American Christian Kenneth Bae starts 15 years prison life
An American citizen Kenneth Bae sentenced for 15 years of hard labor for alleged hostile acts against the state, has started life a "special prison," in North Korea. He entered the prison Tuesday, the official Korean Central News Agency said in a short dispatch. Two South Korean experts on North Korean law said they didn't know what a "special prison" was. North Korea's official news agency has revealed that Bae, a 44-year-old naturalized U.S. citizen with family living in Washington State, entered prison on Tuesday, May 14, with no other details given on the location, name or specific type of prison, according to The Associated Press.
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Bae, who was put on trial and sentenced in April, reportedly lived in China close to the Korean border and frequently led tours into the country. Bae was arrested Nov. 3, 2012, while with a group of tourists in the northeastern port city of Rason (Rajin). During his trips, Bae apparently also visited and fed orphans, a topic he may have mentioned during a sermon he gave at a Missouri church in 2009.
In his message, delivered in Korean and recorded on video, Bae apparently speaks of rallying Christians to prayer to help bring down the walls of division between the so-called hermit kingdom and the rest of the world.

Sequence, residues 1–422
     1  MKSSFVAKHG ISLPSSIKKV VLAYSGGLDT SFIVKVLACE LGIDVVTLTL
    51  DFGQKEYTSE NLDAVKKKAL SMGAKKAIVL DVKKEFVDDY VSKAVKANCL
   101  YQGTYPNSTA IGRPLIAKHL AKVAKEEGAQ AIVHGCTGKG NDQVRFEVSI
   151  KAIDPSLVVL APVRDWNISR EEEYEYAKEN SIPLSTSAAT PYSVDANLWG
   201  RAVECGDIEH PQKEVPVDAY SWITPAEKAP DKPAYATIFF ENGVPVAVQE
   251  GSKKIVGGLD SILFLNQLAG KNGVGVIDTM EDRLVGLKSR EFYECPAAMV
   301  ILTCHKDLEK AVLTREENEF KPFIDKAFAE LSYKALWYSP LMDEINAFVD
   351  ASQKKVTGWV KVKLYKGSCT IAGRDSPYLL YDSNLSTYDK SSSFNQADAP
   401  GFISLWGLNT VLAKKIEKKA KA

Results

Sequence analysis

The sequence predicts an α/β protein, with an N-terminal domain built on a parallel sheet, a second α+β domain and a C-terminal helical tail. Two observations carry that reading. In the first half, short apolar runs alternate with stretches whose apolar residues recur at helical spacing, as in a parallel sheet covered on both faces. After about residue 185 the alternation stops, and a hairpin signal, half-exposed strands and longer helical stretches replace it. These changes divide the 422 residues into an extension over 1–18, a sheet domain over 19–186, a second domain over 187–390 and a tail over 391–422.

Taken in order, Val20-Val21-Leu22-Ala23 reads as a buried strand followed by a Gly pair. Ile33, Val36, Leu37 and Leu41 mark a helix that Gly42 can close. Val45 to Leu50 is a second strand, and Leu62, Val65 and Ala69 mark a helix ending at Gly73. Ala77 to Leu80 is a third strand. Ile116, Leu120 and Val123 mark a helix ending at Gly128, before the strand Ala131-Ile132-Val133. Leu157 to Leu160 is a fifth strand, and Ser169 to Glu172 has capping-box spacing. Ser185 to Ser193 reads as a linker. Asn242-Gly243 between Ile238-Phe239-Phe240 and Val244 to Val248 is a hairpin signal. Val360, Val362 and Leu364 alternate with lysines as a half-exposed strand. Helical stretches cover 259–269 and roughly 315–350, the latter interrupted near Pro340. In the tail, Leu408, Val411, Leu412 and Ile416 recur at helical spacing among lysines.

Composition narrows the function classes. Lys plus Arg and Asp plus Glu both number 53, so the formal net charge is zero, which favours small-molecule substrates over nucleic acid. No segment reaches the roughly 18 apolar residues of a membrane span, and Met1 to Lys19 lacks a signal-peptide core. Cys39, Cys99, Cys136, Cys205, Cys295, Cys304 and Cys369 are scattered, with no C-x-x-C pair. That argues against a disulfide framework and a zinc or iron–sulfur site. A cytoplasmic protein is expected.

He worked with a missionary team in North Korea, officially the Democratic People's Republic of Korea and had hoped to find among U.S. churches 300 volunteers to go to the country's Rason city to pray and worship.
At least five other Americans have been detained in North Korea since 2009. The others were eventually allowed to leave without serving out their terms, some after clemency missions by prominent Americans, including former presidents Bill Clinton and Jimmy Carter. Young leader Kim Jong Un has the power to grant special pardons under the North's constitution.
Washington has called for Bae's release, but there has been no sign yet that a high-profile American envoy is set to travel to North Korea. The human rights group Amnesty International has criticized Bae's lack of access to a lawyer. Pyongyang claims he confessed and didn't want an attorney present during his sentencing.